18. I've had the Kamado Big Joe III 24" for over a year now, since it first came out, summer of last year. While it's a great grill, which I consider an upgrade to my previous Big Green Egg XL 24", it has a couple of annoying design flaws. I've contacted Kamado Joe about these but they ignore my emails. 1. The Divide and Conquer (D.C) system is much taller than the regular Big Joe and also the Classic Joe. Therefore, when the half moon grilling racks are on the top 3ʳᵈ tier, the D.C supports bend and flex when cleaning the grilling grates with a steel brush and the grates fall down, which is really annoying. See photos comparing the difference in height between the 2 tier D.C of the classic and Big Joe vs the taller 3 tier D.C of Big Joe III. My solution was to get stainless steel bolts, washers and nuts and attach these to the corners of the grilling grates, this makes them captive in the D.C sitting points and prevents this issue. I wish Kamado Joe would have welded pins on the bottom of the grilling grate corners, this would have been a much more elegant approach. 2. The "legs" of the charcoal basket, over time droop, they bend up from the weight and heat of the charcoal, this makes the whole basket sag down in the fire box which makes it impossible to hook the 4 hooks of the charcoal basket, to the D.C struts. As you can see in last photo, if the legs that hold the basket in the fire box, were positioned along the vertical splines instead of the middle of the horizontal hoops, this sagging issue would never occur. Clearly as design flaw I hope Kamado Joe will fix in the future. I've a added photos of my solution to the falling grates and and problem with the sagging/drooping legs of the charcoal basket.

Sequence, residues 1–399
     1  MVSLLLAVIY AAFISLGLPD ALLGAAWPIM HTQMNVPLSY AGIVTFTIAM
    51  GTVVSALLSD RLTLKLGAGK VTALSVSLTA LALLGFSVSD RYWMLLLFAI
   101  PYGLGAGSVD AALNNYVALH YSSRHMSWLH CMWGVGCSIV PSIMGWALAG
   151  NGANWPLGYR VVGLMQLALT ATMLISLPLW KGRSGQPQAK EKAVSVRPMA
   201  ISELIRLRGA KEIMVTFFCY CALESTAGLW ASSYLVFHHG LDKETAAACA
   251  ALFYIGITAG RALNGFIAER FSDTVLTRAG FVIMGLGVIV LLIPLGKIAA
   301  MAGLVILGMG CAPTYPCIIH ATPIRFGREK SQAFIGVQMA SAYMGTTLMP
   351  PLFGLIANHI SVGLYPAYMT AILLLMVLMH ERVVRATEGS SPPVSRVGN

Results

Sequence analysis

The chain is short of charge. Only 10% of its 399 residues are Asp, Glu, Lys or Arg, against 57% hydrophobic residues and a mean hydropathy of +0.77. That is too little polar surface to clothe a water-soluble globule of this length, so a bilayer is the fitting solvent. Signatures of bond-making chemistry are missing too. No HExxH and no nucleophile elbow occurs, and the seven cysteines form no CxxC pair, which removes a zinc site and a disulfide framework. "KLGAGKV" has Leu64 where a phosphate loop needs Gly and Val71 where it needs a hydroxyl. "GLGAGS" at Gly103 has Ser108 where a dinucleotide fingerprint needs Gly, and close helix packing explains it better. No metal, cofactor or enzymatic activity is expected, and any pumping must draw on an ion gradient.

19. I am no expert by any means if that cut was an NAMP 184D or Aus 2091 "Rump Cap/Coulotte/Picanah you definitely want to cut across the grain. Hard to tell in the pictures as fbov and len440 mentioned. - In the quick math unless I added an extra 30 mins (bullet 13 confused me) your cook was approx 2hrs. You ran your temps in 275°F - 300°F range. Final internal temp was not mentioned. Two earlier readings were approx 129°F in middle to 145°F on the edges. - I have tried putting a bit of smoke on a Picanah before in 300°F range to an internal temp of 130°F. My wife, and daughter did not like the low temp cook of this. While not tough they just did not like the taste. Looking at my log (yes I am anal rententive) checklist driven my cook was 65 mins. - So went back to my normal way of cooking this cut of meat. Hot and fast (450°F) to an internal of 130°F - 135°F. OR better yet if you have a rotis cut into strips and spin the meat (350°F - 375°F). - After saying this the members here will most likely ban me. I have a Holland gasser in my herd. Its on/off no temperature control chugs along at 400-420°F. It will not flare up their is a grease tray between the burner and the guest of honor. On the holland I grill fat cap down for 30 min then flip the meat to fat side up for an additional 30 mins. After an hour of cooking, temp is usually sitting between 130°F and 138°F and I pull them. Not only does a Holland make potato chip crisp skin on a chicken it makes a darn good Picanah. - My wife on occaison will ask for this cut well done. I cringe at this. Too be truthful highest internal I ever took it to was 155°F. It was a bit tough and dry and I hated it. It did not reheat well at all for left overs. - BTW do not lop the fat cap off any uneaten portion of the meat. When you go to reheat for left overs you will kick yourself for doing so. - If done correctly I would eat this any day over tri-tip and I am a tri-tip eating machine.. If done on the rotis in my opinion it gives rib-eye a good run for the money. - Lastly I would up the temp to shorten your cook and pull off in 130's°F or 55-60°C. - Hope this balloon juice helps on your next cook if we are talking the same cut of meat.